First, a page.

Aways for applicants with strong numbers

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Futuro
Aways for applicants with strong numbers

Hey everyone,I'm trying to figure out what to do about scheduling away sub-I's for the summer/fall.I'm a pretty good applicant on paper :Good: 250+ step 1, mostly honors on clerkships (inc. medicine and surgery), top 20 med schoolBad: No pubs (hopefully 1 by app time. 1 presentation), not AOAI've anticdotally heard from a few friends who have previously applied, and may have read in previous posts, that doing aways at top programs if you're already a good applicant can't really help and can only hurt, unless you're basically the second-coming.  I generally do well on rotations, and it seems like all else being equal, a top program will always take the candidate who they know rather than the one they talk to for one day.I'm just trying to figure out this tricky topic. I know that I'm in a good position to get interviews, but it seems like avoiding a program that I'd really like to go to doesn't make much sense.Thanks and good luck to everyone in the process!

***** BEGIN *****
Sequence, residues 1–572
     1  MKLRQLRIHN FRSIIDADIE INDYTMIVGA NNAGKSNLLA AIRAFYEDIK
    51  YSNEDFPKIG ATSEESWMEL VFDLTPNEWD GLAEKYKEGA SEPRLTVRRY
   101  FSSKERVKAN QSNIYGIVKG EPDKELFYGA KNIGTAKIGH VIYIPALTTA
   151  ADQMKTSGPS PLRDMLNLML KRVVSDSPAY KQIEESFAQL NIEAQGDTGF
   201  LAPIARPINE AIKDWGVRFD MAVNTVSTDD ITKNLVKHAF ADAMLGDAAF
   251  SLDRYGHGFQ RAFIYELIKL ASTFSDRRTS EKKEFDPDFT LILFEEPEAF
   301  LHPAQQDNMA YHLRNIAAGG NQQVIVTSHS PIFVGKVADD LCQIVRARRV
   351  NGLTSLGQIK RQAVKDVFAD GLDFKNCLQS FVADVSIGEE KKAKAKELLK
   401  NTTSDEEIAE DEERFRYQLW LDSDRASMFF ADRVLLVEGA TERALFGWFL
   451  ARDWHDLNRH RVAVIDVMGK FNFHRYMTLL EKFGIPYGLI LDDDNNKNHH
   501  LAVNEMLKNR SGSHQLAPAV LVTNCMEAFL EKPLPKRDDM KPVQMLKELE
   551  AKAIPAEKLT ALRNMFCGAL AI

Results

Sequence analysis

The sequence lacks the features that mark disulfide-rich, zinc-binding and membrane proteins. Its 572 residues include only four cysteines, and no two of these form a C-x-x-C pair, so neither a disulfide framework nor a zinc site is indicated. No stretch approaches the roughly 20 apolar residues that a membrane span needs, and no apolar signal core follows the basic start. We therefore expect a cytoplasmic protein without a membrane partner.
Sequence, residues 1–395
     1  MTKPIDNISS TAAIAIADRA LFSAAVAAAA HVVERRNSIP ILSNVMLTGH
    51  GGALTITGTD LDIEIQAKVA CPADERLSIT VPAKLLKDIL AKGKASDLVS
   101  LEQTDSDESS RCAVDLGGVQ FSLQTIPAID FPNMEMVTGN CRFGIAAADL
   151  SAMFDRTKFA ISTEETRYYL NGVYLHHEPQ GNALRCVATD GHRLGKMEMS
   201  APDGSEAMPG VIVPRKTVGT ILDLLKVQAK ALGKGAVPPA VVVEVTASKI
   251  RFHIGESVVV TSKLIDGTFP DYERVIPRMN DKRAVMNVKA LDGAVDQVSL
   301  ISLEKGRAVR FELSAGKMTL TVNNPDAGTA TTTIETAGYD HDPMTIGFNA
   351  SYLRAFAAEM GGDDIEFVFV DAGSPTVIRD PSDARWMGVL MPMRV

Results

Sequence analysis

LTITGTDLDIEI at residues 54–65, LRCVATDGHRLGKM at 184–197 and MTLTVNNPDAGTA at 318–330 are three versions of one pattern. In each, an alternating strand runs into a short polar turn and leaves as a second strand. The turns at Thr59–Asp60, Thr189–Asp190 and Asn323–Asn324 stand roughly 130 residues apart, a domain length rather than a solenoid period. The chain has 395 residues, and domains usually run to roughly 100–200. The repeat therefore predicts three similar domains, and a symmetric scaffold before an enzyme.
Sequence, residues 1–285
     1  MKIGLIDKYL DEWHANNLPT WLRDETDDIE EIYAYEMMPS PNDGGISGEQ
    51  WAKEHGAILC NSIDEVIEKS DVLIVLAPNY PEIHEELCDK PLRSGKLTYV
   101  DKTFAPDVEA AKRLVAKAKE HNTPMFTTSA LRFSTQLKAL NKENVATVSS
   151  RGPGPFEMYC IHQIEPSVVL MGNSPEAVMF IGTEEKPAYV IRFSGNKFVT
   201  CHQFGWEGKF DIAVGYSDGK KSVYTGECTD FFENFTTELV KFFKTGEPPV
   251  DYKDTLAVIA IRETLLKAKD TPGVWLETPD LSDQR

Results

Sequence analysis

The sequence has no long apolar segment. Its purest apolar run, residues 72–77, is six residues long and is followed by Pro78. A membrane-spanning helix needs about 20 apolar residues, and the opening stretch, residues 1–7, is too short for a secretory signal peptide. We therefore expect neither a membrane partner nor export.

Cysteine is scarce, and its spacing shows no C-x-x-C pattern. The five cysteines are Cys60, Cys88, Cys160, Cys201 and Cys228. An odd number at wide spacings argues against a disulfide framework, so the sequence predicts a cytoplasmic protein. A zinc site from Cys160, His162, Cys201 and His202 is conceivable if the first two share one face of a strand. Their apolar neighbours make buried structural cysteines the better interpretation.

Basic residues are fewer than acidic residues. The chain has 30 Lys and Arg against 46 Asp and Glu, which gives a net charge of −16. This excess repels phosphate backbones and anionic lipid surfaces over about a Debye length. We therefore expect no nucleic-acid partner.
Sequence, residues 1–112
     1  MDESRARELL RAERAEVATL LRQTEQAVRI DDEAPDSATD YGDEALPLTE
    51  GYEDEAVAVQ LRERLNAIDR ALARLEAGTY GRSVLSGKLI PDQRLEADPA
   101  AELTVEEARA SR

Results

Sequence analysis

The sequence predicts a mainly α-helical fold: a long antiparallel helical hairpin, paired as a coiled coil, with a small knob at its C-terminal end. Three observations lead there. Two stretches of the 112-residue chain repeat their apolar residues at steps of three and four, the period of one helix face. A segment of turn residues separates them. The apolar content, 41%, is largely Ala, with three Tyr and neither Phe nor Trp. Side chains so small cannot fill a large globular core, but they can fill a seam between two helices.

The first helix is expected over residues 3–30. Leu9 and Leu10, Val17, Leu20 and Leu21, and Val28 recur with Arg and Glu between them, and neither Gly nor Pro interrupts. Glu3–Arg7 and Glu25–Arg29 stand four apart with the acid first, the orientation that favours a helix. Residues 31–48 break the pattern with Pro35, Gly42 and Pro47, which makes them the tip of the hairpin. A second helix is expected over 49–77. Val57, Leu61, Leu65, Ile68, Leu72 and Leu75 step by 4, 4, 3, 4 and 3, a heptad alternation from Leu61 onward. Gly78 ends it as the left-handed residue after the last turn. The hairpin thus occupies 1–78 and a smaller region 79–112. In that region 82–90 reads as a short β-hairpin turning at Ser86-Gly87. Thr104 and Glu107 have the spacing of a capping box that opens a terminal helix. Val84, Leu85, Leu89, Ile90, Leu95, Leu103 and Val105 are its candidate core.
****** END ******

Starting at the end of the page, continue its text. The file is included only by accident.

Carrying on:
Edited by: nicky on 05/11/2015 - 19:50 Reason: Updated by FeedsNodeProcessor
Anonymous (not verified)
Wow

Haha. I'm sorry, but this is hilarious. You can't be serious, can you? "Futuro"? Can't make this stuff up!

Anonymous (not verified)
aways w good #s

If you're interested in the program, at the end of the day they know you well where you do your away.  It really does help.  If you're a decent person who works hard, puts the team first, doesn't annoy people by being overly fawning or shoving papers down peoples throats, are able to admit it when you don't know, show up early and leave late and have a good attitude about it and can make small talk with residents and attendings and have a level-appropriate understanding of urology then the away will help.  If you're socially awkward, standoffish, have a hard time staying motivated to know the patients on your service and read about the cases you're involved in personally, then I would think twice about doing an away.  I think most places with (for example) 3 spots take a "gamble" on 1 person they don't "know" (ie only met in interviews) but usually fill up a spot with their own med student and a spot with a sub-I.  The ways things shake out in the end is kind of a mystery, but I think the top of lists are stacked with "known entities" and rounded out with applicants who have good numbers along speaking for them.